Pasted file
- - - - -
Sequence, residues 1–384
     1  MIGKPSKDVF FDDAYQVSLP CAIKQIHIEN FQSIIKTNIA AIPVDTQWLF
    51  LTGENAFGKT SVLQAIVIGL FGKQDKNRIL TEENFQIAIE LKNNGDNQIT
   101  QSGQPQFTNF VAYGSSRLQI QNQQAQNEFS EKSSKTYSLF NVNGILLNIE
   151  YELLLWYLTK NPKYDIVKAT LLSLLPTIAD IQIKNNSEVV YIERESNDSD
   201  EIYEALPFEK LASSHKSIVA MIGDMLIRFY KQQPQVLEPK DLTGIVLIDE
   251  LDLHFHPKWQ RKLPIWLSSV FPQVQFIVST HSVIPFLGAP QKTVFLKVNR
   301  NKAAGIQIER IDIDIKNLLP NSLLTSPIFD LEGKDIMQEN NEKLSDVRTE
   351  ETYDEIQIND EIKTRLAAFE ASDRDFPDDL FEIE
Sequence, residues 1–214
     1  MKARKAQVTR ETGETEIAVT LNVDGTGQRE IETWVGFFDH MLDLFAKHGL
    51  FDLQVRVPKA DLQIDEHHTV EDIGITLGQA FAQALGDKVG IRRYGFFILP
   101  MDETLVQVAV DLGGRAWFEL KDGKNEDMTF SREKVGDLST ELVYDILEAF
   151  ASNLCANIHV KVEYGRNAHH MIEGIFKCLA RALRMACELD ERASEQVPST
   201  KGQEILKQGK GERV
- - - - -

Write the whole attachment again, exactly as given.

Sequence, residues 1–384
     1  MIGKPSKDVF FDDAYQVSLP CAIKQIHIEN FQSIIKTNIA AIPVDTQWLF
    51  LTGENAFGKT SVLQAIVIGL FGKQDKNRIL TEENFQIAIE LKNNGDNQIT
   101  QSGQPQFTNF VAYGSSRLQI QNQQAQNEFS EKSSKTYSLF NVNGILLNIE
   151  YELLLWYLTK NPKYDIVKAT LLSLLPTIAD IQIKNNSEVV YIERESNDSD
   201  EIYEALPFEK LASSHKSIVA MIGDMLIRFY KQQPQVLEPK DLTGIVLIDE
   251  LDLHFHPKWQ RKLPIWLSSV FPQVQFIVST HSVIPFLGAP QKTVFLKVNR
   301  NKAAGIQIER IDIDIKNLLP NSLLTSPIFD LEGKDIMQEN NEKLSDVRTE
   351  ETYDEIQIND EIKTRLAAFE ASDRDFPDDL FEIE
Sequence, residues 1–214
     1  MKARKAQVTR ETGETEIAVT LNVDGTGQRE IETWVGFFDH MLDLFAKHGL
    51  FDLQVRVPKA DLQIDEHHTV EDIGITLGQA FAQALGDKVG IRRYGFFILP
   101  MDETLVQVAV DLGGRAWFEL KDGKNEDMTF SREKVGDLST ELVYDILEAF
   151  ASNLCANIHV KVEYGRNAHH MIEGIFKCLA RALRMACELD ERASEQVPST
   201  KGQEILKQGK GERV